bonuses, and would not have incurred substantial legal costs and expenses to deal with the Lee mispricing. MFG has made a motion to dismiss, which was denied. In or about October 2003, MFI uncovered an apparent fraudulent scheme conducted by third parties unrelated to MFI that may have victimized a number of its clients. CCPM, a German Introducing Broker, introduced to MFI all the clients that may have been victimized. An agent of CCPM, Michael Woertche (and his asssociates), apparently engaged in a Ponzi scheme in which allegedly unauthorized transfers from and trading in accounts maintained at MFI were utilized to siphon money out of these accounts, on some occasions shortly after they were established. MFI was involved in two arbitration proceedings relating to these CCPM introduced accounts. The first arbitration involved claims made by two claimants before a NFA panel. The second arbitration involves claims made by four claimants before a FINRA panel. The claims in both arbitrations are based on allegations that MFI and an employee assisted CCPM in engaging in, or recklessly or negligently failed to prevent, unauthorized transfers from, and trading in, accounts maintained by MFI. Damages sought in the NFA arbitration proceeding were approximately $1,700,000 in compensatory damages, unspecified punitive damages and attorney’s fees in addition to the rescission of certain deposit agreements. The NFA arbitration was settled for $200,000 as to one claimant and a net of $240,000 as to the second claimant during fiscal 2008. Damages sought in the FINRA proceeding were approximately $6,000,000 in compensatory damages and $12,000,000 in punitive damages. During the year ended March 31, 2009, the FINRA arbitration was settled for an aggregate of $800,000. The Liquidation Trustee (“Trustee”) for Sentinel Management Group, Inc. (“Sentinel”) sued MFG in June 2009 on the theory that MFG’s withdrawal of $50.2 million within 90 days of the filing of Sentinel’s bankruptcy petition on August 17, 2007 is a voidable preference under Section 547 of the Bankruptcy Code and, therefore, recoverable by the Trustee, along with interest and costs. In May 2009, investors in a venture set up by Nicholas Cosmo (“Cosmo”) sued Bank of America and MFG, among others, in the United States District Court for the Eastern District of New York, alleging that MFG, among others, aided and abetted Cosmo and related entities in a Ponzi scheme in which investors lost $400 million. MFG has made a motion to dismiss which was granted and cannot be appealed by plaintiffs until the conclusion of the case against the Bank of America. In December 2010, the Court-appointed receiver for Joseph Forte, L.P., (“Forte Partnership”) filed a complaint in the United States District Court for the Eastern District of Pennsylvania, alleging that MFG was negligent in the handling of a futures account the Forte Partnernship maintained at MFG. The Complaint alleges that as a result of MFG’s negligence, Joseph Forte (“Forte”) was able to operate a Ponzi scheme in which he misappropriated at least $25,000,000 from limited partners in the Forte Partnership. The Complaint seeks damages “in excess of $150,000.” MFG has not been served with the complaint. In the late spring of 2009, MFG was sued in Oklahoma State Court by customers who were substantial investors with Mark Trimble (“Trimble”) and/or Phidippides Capital Management (“Phidippides”). Trimble and Phidippides may have been engaged in a Ponzi scheme. Plaintiffs allege that MFG “materially aided and abetted” Trimble’s and Phidippides’ violations of the anti-fraud provisions of the Oklahoma securities laws and they are seeking damages “in excess of” $10,000 each. MFG made a motion to dismiss which was granted by the court. Plaintiffs have appealed.
On August 4, 2010, MFG was added as a defendant to a consolidated class action complaint filed against Moore Capital Management and related entities in the United States District Court for the Southern District of New York alleging claims of manipulation and aiding and abetting manipulation, in violation of the Commodity Exchange Act. Specifically, the complaint alleges that, between October 25, 2007 and June 6, 2008, Moore Capital directed MFG, as its executing broker, to enter “large” market on close orders (at or near the time of the close) for platinum and palladium futures contracts, which allegedly caused artificially inflated prices. On August 10, 2010, MFG was added as a defendant to a related class action complaint filed against the Moore−related entities on behalf of a class of plaintiffs who traded the physical platinum and palladium in the relevant time frame, which alleges price fixing under the Sherman Act and violations of the civil Racketeer Influenced and Corrupt Organizations Act. On September 30, 2010 plaintiffs filed an amended consolidated class action complaint that includes all of the allegations and claims identified above on behalf of subclasses of traders of futures contracts of platinum and palladium and physical platinum and palladium. Plaintiffs’ claimed damages have not been quantified. This matter is in its earliest stages. MFG and an affiliate, MF Global Market Services LLC (“Market Services”), are currently involved in litigation with a former customer of Market Services, Morgan Fuel & Heating Co., Inc. (“Morgan Fuel”) and its principals, Anthony Bottini, Jr., Brian Bottini and Mark Bottini (the “Bottinis”). The litigations arise out of trading losses incurred by Morgan Fuel in over-the-counter derivative swap transactions, which were unconditionally guaranteed by the Bottinis. On October 6, 2008, Market Services commenced an arbitration against the Bottinis to recover $8.3 million, which is the amount of the debt owed to Market Services by Morgan Fuel after the liquidation of the swap transactions. MF Global Market Services LLC v. Anthony Bottini, Jr., Brian Bottini and Mark Bottini, FINRA No. 08-03673. Each of the Bottinis executed a guaranty in favor of Market Services personally and unconditionally guaranteeing payment of the obligations of Morgan Fuel upon written demand by Market Services. Market Services asserted a claim of breach of contract based upon the Bottinis’ failure to honor the guarantees. On October 21, 2008, Morgan Fuel commenced a separate arbitration proceeding before FINRA against MFG and Market Services. Morgan Fuel claims that MFG and Market Services caused Morgan Fuel to incur approximately $14.2 million in trading losses. Morgan Fuel v. MFG and Market Services, FINRA No. 08-03879. Morgan Fuel seeks recovery of $5.9 million in margin payments that it allegedly made to Market Services and a declaration that it has no responsibility to pay Market Services for the remaining $8.3 million in trading losses because Market Services should not have allowed Morgan Fuel to enter into, or maintain, the swap transactions. On MFG’s motion, the Supreme Court of the State of New York determined that there was no agreement to arbitrate such claims. Morgan Fuel appealed and all appeals were denied. The Bottinis also asserted a third-party claim against Morgan Fuel, which in turn asserted a fourthparty claim against MFG, Market Services and Steven Bellino (an MFG employee) in the arbitration proceeding commenced by Market Services. The Supreme Court of the State of New York denied a motion to stay the fourth party claim but the denial to stay was reversed. Morgan Fuel filed a motion to appeal with the New York Court of Appeals which was denied.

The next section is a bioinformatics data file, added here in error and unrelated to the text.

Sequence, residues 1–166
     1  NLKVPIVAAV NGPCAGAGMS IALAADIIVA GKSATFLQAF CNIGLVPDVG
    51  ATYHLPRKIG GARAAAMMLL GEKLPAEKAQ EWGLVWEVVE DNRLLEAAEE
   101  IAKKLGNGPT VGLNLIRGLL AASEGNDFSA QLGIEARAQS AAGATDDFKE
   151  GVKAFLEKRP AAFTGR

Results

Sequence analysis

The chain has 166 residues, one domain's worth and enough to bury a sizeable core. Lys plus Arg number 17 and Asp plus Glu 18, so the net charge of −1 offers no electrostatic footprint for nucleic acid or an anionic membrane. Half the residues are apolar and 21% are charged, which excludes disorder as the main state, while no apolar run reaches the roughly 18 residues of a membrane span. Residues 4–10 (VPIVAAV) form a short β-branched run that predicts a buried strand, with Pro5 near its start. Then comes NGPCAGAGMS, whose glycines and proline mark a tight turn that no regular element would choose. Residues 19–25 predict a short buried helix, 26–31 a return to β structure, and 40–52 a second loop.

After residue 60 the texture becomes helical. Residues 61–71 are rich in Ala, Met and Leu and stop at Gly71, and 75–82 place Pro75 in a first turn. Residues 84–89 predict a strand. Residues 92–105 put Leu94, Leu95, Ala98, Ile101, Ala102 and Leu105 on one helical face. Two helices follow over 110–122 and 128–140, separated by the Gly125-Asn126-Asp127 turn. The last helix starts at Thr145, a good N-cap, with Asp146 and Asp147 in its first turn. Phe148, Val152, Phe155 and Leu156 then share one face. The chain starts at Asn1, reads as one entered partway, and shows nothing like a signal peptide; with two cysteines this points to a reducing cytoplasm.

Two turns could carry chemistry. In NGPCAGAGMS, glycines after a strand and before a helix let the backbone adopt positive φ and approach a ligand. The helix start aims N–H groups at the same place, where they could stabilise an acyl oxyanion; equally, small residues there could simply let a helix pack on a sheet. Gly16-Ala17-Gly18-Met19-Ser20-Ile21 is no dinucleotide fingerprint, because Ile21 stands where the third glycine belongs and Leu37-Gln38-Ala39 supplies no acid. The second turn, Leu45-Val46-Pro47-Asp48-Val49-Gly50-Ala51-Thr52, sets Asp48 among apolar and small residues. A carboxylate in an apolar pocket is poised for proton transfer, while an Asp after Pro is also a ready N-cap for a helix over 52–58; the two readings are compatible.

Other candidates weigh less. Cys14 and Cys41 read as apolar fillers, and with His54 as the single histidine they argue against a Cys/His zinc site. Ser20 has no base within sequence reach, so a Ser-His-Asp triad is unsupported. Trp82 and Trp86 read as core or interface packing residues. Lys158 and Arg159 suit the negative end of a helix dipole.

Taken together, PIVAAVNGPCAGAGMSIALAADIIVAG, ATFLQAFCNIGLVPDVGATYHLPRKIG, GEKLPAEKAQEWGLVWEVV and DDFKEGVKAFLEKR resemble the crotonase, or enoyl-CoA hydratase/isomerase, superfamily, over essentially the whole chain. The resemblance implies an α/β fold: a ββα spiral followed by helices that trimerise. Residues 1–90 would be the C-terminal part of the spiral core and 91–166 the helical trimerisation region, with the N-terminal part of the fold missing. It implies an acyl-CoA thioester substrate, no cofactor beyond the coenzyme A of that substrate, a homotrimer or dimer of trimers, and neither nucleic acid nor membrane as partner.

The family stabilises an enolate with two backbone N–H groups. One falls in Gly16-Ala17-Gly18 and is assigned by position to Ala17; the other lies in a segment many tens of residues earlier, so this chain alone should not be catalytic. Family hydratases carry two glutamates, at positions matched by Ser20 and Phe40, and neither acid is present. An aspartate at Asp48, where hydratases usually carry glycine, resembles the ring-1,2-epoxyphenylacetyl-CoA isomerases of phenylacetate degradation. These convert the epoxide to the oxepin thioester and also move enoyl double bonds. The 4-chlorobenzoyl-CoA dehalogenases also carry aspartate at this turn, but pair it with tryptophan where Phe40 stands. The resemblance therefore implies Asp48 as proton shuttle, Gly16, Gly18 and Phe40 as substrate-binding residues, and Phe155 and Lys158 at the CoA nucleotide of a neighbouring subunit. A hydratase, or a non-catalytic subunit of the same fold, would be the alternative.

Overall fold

On December 12, 2008, MFG settled three CME Group disciplinary actions involving allegations that on a number of occasions in 2006 and 2007, MFG employees engaged in impermissible pre-execution communications in connection with trades executed on the e-cbot electronic trading platform, withheld customer orders that were executable in the market for the purpose of soliciting, and brokering contraorders and crossed orders on the e-cbot trading platform without allowing for the minimum required exposure period between the entry of the orders. MFG was also charged with failing to properly supervise its employees in connection with these trades. Without admitting or denying any wrongdoing, MFG consented to an order of a CME Business Conduct Committee Panel which found that MFG violated legacy CBOT Rule 504.00 and Regulations 480.10 and 9B.13 and 9B.13(c) and ordered MFG to pay a $400,000 fine, cease and desist from similar conduct and, in consultation with CME Market regulation Staff, enhance its training practices and supervisory procedures regarding electronic trading practices. * * * * MFG acts only as clearing broker for the futures accounts to be traded pursuant to this Memorandum and as such is paid commissions for executing and clearing trades. The cases and settlements referenced above will not materially affect MFG or its ability to perform as a clearing broker. MFG has not passed upon the adequacy or accuracy of this Memorandum and will not act in any supervisory capacity with respect to the General Partner of the commodity pool or to the Commodity Trading Advisor, as the case may be, nor participate in the management of the General Partner or of the commodity pool or of the Trading Advisor. Therefore, prospective investors should not rely on MFG in deciding whether or not to participate in the commodity pool or the trading program of the Trading Advisor. * * * * This information is provided solely to assist you in complying with Part 4 of the Commodity Futures Trading Commission Regulations, and does not constitute an undertaking to update this information in the future. MFG will, however, provide an update to this information upon receipt of a written request for such information. MFG would appreciate receiving a copy of the Offering Memorandum or Disclosure Document that will contain the above information prior to any filing with the appropriate regulatory agencies.